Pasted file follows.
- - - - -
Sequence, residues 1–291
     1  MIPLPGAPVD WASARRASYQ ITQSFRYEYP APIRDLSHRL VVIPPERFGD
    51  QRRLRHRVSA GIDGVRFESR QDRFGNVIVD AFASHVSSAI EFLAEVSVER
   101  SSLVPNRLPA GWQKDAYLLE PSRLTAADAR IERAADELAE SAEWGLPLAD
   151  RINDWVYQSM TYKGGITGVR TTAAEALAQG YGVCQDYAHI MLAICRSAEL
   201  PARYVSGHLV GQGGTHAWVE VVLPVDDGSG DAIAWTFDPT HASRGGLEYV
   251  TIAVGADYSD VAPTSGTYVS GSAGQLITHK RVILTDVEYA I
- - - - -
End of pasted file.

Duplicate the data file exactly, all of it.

Sequence, residues 1–291
     1  MIPLPGAPVD WASARRASYQ ITQSFRYEYP APIRDLSHRL VVIPPERFGD
    51  QRRLRHRVSA GIDGVRFESR QDRFGNVIVD AFASHVSSAI EFLAEVSVER
   101  SSLVPNRLPA GWQKDAYLLE PSRLTAADAR IERAADELAE SAEWGLPLAD
   151  RINDWVYQSM TYKGGITGVR TTAAEALAQG YGVCQDYAHI MLAICRSAEL
   201  PARYVSGHLV GQGGTHAWVE VVLPVDDGSG DAIAWTFDPT HASRGGLEYV
   251  TIAVGADYSD VAPTSGTYVS GSAGQLITHK RVILTDVEYA I